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Rikolto's Food Smart Cities programme, towards more sustainable and inclusive food systems

  • Published on January 9, 2020
At Rikolto, we believe that cities can play an important role in sparking a shift towards a fundamentally different food system in which healthy and sustainable food is affordable and available to all through mainstream channels. Working together with municipalities and various other stakeholders (producers, processors, retailers, consumers...), we follow a three-tier approach: piloting in city-regions, facilitating a peer-to-peer learning cycle, and influencing the international agenda.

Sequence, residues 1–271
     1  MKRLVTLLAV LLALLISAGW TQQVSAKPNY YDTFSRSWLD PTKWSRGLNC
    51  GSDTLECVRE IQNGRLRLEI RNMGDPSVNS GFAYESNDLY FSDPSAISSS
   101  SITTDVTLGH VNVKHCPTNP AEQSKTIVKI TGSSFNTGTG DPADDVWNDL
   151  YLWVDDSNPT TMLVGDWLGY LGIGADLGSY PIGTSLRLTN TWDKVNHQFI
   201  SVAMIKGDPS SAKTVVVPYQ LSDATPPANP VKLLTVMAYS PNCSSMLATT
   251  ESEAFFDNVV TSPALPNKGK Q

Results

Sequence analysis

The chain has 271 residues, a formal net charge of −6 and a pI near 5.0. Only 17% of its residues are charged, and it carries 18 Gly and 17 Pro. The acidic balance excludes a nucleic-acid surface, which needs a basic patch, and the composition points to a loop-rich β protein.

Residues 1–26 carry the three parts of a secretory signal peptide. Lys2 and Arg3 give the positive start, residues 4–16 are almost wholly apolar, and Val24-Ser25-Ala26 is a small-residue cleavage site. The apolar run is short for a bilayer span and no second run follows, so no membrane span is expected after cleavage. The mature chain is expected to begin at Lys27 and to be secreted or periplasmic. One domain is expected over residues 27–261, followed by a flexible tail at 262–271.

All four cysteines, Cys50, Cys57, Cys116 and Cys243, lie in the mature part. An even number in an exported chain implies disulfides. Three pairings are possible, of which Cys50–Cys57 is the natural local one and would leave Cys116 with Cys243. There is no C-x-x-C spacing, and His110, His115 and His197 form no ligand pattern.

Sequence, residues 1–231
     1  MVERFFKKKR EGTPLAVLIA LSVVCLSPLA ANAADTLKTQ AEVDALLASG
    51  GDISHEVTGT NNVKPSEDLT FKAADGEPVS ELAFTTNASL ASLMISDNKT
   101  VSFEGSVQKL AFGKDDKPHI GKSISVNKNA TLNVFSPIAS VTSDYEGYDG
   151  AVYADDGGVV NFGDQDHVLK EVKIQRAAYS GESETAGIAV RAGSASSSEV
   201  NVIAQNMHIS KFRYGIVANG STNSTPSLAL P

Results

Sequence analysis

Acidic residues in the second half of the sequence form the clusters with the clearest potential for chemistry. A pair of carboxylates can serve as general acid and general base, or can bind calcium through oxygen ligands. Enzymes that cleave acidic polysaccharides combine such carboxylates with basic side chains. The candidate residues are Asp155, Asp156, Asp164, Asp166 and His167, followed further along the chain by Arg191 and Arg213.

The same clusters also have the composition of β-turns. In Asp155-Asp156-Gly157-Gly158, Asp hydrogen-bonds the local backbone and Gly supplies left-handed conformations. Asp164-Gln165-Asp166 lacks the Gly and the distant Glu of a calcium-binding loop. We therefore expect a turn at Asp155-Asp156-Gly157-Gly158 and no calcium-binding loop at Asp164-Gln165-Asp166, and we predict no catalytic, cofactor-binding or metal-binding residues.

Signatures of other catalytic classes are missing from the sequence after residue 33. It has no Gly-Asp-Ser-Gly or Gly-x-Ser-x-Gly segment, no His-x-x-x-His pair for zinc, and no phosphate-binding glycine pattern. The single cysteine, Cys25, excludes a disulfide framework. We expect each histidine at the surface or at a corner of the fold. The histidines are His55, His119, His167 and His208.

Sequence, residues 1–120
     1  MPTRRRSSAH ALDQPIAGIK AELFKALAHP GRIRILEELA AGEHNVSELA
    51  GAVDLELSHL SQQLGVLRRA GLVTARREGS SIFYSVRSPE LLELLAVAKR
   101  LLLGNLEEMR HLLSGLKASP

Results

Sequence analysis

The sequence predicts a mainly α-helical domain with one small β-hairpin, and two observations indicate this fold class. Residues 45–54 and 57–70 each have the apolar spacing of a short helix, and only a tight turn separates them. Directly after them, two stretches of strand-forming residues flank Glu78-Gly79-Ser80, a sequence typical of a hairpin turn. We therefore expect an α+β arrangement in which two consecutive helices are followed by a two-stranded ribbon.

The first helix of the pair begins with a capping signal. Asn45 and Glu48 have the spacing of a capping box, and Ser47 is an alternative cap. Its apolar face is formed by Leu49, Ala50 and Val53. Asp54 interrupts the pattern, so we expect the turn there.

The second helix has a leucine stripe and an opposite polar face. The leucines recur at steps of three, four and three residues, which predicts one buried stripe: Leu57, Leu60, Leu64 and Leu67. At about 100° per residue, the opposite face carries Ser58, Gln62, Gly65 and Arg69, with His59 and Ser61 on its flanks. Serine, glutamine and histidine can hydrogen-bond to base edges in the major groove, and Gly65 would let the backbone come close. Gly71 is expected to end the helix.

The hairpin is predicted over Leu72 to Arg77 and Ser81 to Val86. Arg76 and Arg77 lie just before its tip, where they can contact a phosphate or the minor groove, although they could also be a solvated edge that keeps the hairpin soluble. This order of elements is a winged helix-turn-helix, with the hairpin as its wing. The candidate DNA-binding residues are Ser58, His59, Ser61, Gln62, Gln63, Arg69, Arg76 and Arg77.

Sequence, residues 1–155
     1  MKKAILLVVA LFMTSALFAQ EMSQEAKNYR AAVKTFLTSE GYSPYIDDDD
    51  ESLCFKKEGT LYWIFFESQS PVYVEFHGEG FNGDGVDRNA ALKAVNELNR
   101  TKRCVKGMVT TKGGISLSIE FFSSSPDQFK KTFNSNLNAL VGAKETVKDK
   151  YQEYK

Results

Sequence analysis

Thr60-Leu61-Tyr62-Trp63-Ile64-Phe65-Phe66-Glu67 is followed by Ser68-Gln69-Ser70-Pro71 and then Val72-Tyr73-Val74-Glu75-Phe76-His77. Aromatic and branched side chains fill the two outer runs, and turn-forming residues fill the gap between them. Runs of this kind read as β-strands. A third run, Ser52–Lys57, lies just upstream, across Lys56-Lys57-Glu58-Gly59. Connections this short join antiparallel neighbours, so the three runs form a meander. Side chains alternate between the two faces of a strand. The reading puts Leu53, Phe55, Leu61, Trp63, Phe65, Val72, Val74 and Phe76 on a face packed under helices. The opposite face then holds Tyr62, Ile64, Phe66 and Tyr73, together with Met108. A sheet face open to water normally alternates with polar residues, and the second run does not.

The objectives of the Food Smart City Programme are: 1. To include smallholder farmers in sustainable urban food chains under fair trading conditions, including women and the youth 2. To increase the affordability, availability and acceptability of safe, sustainable and healthy food to city-dwellers 3. To reduce the environmental impact and increase the resilience of urban food systems 4. To facilitate participatory governance mechanisms for urban food systems Thanks to their position in the food system, city governments and urban businesses are ideally placed to influence the type of food that enters the city as well as how and where it is produced. While rapidly-growing urban areas are an important part of the food challenge, we also believe that cities have the right scope of governance to bring about change to contribute to global sustainability. By working with businesses on sustainable procurement policies, and with city governments on urban food policies, we can improve peri-urban and rural farmers’ linkage with markets. This can in turn improve their livelihoods and create strong incentives for them to produce food more sustainably. The impact aligns with the objectives: * Hundreds of rural, peri-urban and urban farmers and processors making a decent living out of their agri-business, and being able to fulfill their families' needs and to afford a diverse and healthy diet * Resilient agricultural systems based on regeneration, climate-smart practices and circularity * Dozens of examples of how inclusive business models can enable the transition to sustainable food systems by creating incentives for all actors in the food chain, inspiring more businesses to follow-suit * Thousands of urban consumers having the ability to choose and access healthy, nutritious, safe and sustainable food * A more enabling environment for the production, distribution and procurement of healthy and sustainable food, thanks to more cross-sectoral and participatory governance structure and policies * Local initiatives inspiring nationwide and even regional and global food transitions thanks to vertical integration and peer-to-peer learning

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